Delivered on March 12, 2018
Mr. Speaker, I rise today to provide Members with an update on the NWT On The Land Collaborative.
We know that on the land programs contribute to community wellness, healing, healthy living, and environmental stewardship and protection. These are fundamental goals of our government’s mandate. Residents have also been clear in telling us that opportunities to be on the land are important to them. That is why, in addition to community wellness and programming supports, our government worked with partners to launch a new type of funding model, the NWT On The Land Collaborative, three years ago.
The funding collaborative approach brings people together: government; the charitable sector; business and industry; and other community partners, so we can combine our efforts and pool our resources – including funding, expertise, tools and equipment, and other supports. The Department of Health and Social Services was a proud partner in the creation of the On The Land Collaborative in 2014, and has continued to work closely with the Department of Environment and Natural Resources, Tides Canada, and the NWT Recreation and Parks Association as the administrative leads for the Collaborative.
At its heart, the Collaborative’s goal is to find new approaches to meet shared priorities across sectors. Businesses, governments and charitable organizations contribute financial and human resources collectively to maximize the overall impact and benefit to NWT residents. This partnership approach has shown great success towards improving the lives and wellbeing of NWT residents and has proven to be an efficient and effective use of resources.
Mr. Speaker, one of the most innovative elements of the Collaborative, and a key to its success, is the participation of Community Advisors who are appointed by participating Indigenous governments. We have been fortunate to have representatives from the Inuvialuit Regional Corporation; Gwich’in Tribal Council; Tłįchǫ Government; Dehcho First Nations; NWT Métis Nation; and Akaitcho Territory Government sitting at the table as equal partners throughout the creation of the Collaborative and its ongoing work. Community Advisors are an amazing resource for anyone applying for funding through the Collaborative, and they contribute a huge amount of time and effort towards helping people through the application process. They also provide invaluable insight and guidance to the other partners to help them make good decisions about how to allocate funding.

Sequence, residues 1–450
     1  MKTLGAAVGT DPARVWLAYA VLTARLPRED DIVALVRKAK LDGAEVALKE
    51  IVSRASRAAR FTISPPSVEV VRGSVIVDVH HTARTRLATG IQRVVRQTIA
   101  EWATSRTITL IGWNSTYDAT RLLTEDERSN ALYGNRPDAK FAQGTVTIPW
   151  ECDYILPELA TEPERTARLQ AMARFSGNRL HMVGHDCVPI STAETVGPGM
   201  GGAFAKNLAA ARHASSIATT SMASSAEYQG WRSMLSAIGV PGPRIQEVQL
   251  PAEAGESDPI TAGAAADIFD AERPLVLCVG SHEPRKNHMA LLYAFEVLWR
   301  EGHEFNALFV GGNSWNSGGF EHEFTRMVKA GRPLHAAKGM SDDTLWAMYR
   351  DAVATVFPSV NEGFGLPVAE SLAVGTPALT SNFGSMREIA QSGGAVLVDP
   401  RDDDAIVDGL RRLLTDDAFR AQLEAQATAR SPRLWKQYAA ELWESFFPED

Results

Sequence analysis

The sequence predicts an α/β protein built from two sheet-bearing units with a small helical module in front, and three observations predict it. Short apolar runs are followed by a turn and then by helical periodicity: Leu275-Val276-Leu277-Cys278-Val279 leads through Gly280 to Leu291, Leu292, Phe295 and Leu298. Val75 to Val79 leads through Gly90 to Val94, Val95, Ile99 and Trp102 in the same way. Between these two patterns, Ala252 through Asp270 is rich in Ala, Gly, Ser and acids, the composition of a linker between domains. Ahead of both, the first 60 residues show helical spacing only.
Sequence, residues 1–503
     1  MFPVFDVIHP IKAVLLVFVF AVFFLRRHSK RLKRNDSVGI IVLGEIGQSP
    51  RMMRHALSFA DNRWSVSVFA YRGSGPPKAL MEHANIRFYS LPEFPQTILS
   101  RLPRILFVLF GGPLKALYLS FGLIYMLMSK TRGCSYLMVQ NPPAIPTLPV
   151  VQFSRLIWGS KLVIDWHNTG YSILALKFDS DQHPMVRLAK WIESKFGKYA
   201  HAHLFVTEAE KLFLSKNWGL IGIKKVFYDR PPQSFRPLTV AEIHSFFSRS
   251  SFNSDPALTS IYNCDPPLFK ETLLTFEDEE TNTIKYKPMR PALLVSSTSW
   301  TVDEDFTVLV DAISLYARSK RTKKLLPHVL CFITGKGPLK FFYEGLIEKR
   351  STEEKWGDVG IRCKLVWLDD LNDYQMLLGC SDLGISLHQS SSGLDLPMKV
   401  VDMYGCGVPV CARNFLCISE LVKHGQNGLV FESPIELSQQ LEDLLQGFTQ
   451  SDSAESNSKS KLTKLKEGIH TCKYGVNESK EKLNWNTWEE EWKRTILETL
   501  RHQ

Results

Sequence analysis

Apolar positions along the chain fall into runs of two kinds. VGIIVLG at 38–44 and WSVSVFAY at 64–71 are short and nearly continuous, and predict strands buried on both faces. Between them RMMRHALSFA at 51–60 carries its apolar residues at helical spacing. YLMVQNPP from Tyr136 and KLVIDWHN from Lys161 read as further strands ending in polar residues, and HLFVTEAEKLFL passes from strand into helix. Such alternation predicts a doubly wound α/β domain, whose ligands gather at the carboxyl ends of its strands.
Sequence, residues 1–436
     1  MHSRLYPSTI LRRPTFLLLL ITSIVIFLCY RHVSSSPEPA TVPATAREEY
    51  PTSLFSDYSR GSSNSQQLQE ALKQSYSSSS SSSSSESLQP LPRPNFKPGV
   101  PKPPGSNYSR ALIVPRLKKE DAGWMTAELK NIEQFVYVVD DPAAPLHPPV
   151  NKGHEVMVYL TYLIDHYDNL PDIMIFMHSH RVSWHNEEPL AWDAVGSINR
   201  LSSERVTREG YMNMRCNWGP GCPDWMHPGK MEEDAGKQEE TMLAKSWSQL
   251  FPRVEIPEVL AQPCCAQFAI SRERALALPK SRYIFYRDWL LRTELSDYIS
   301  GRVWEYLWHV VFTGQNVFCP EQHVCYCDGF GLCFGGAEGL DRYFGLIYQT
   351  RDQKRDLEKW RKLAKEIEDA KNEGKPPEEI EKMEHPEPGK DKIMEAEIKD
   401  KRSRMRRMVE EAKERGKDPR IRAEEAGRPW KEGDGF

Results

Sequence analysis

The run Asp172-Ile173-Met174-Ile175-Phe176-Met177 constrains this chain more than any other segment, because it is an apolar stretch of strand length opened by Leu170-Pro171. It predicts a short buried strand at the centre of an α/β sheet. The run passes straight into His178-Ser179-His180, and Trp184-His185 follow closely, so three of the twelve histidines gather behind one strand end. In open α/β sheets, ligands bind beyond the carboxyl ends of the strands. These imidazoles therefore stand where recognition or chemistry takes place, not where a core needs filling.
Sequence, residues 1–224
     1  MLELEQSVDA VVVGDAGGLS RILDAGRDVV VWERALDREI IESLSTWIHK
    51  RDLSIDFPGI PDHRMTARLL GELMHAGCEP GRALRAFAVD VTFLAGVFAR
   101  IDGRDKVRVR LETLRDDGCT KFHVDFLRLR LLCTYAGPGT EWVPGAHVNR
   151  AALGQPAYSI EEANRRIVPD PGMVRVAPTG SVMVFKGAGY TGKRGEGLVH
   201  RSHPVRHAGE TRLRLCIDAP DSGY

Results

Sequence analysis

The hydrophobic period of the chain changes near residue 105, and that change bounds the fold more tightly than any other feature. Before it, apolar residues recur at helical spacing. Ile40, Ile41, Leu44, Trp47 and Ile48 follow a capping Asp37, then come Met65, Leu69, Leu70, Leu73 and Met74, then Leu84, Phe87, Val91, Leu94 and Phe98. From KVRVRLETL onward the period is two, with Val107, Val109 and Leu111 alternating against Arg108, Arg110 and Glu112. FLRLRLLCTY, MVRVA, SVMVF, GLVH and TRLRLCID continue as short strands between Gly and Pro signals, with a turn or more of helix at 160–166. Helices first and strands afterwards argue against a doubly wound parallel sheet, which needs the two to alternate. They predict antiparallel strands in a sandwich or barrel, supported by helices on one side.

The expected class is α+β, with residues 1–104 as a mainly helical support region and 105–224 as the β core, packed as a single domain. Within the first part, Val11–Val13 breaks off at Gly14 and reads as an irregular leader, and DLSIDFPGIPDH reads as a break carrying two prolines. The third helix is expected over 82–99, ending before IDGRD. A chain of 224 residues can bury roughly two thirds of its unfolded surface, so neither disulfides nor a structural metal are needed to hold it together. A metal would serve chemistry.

With the help of Community Advisors and the continued commitment of funding partners, this innovative approach to support land-based programming has seen tremendous success since it was first launched, and has reached an important milestone this year.
Mr. Speaker, this year the NWT On The Land Collaborative has successfully grown its funding pot to $1 million dollars. To provide some context, three short years ago the Collaborative distributed $381,850 to 35 projects in year one, followed by $634,845 for 35 projects in year two. Now with $1 million available, this year the Collaborative will support 48 land-based initiatives across the territory, with more than half of these projects receiving full funding. This remarkable growth is made possible through the increased support of existing partners, and by welcoming new partners to the table.
Two more GNWT Departments have joined the Collaborative and have committed time and funding this year. I’d like to acknowledge my colleagues from the Departments of Education, Culture and Employment and Industry, Tourism and Investment for seeing value in the work that the Collaborative makes possible. I would also like to recognize my colleague from the Department of Environment and Natural Resources who was an early partner and supporter of this initiative. Most importantly, I want to acknowledge and congratulate the other sector partners for believing in the On The Land Collaborative and recognize their continued support: Tides Canada; Dominion Diamond Corporation; the NWT Recreation and Parks Association; the Indigenous Leadership Initiative; the J.W. McConnell Family Foundation; Diavik Diamond Mine; Health Canada, and the Gordon Foundation.
As has been the case in previous years, a wide range of grant amounts and project types will be supported in 2018. Small grant recipients include an ice fishing program in Whatì, and a land and culture-based retreat for LGBTQ+ students and their allies in the South Slave. Medium-sized grants will allow the Ulukhaktok Community Corporation to run a summer language camp for young people in their community, and Chief Julius School in Fort McPherson to immerse students in traditional Gwich’in culture while travelling on the Peel River. Large grants have been awarded to the Dehcho First Nations’ Stewardship & Guardian Program, and the Tulít’a Dene Band’s walking journey along traditional trails for Elders and youth.
Mr. Speaker, on behalf of all of the collaborative partners, I want to congratulate all of the recipients and thank all of the applicants for their leadership and dedication to on the land activities in their communities. I also want to recognize all of the partners whose continued commitment to the NWT On The Land Collaborative is supporting meaningful programming in our communities and is contributing to the health and wellness of our residents.
Thank you, Mr. Speaker.